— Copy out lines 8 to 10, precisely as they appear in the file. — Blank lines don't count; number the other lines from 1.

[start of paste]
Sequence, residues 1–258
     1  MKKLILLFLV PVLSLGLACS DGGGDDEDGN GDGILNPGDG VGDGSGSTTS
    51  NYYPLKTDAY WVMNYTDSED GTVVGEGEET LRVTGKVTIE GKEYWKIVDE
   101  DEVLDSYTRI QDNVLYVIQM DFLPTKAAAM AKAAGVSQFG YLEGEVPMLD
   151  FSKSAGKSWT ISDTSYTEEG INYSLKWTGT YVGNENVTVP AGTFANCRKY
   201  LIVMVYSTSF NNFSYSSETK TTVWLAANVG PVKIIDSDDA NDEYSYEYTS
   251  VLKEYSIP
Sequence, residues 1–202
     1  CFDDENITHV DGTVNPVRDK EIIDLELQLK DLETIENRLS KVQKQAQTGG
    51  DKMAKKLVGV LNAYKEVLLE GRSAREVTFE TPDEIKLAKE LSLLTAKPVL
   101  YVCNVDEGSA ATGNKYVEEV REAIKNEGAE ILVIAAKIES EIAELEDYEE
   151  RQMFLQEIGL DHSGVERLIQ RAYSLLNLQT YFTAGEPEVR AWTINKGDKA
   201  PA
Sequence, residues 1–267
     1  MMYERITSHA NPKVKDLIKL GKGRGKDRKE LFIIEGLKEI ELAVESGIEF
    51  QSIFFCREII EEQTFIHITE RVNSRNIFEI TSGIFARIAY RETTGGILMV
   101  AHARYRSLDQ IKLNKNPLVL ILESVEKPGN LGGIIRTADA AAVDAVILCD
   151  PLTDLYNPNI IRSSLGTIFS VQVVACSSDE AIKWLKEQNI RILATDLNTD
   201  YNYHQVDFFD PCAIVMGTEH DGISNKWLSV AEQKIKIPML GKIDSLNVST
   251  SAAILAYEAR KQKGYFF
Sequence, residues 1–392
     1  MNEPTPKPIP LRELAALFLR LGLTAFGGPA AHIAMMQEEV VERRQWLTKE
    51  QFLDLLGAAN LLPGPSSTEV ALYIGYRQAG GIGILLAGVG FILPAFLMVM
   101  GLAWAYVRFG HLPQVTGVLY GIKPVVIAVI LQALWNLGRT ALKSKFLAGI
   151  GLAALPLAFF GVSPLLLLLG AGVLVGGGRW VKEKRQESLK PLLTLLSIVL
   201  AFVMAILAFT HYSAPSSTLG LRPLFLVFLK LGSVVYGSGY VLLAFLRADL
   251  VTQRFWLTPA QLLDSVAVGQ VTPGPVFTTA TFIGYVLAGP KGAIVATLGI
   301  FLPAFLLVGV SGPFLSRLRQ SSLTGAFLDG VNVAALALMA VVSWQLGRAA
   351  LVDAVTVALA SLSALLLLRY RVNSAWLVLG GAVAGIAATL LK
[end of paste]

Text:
Sequence, residues 1–202
     1  CFDDENITHV DGTVNPVRDK EIIDLELQLK DLETIENRLS KVQKQAQTGG
    51  DKMAKKLVGV LNAYKEVLLE GRSAREVTFE TPDEIKLAKE LSLLTAKPVL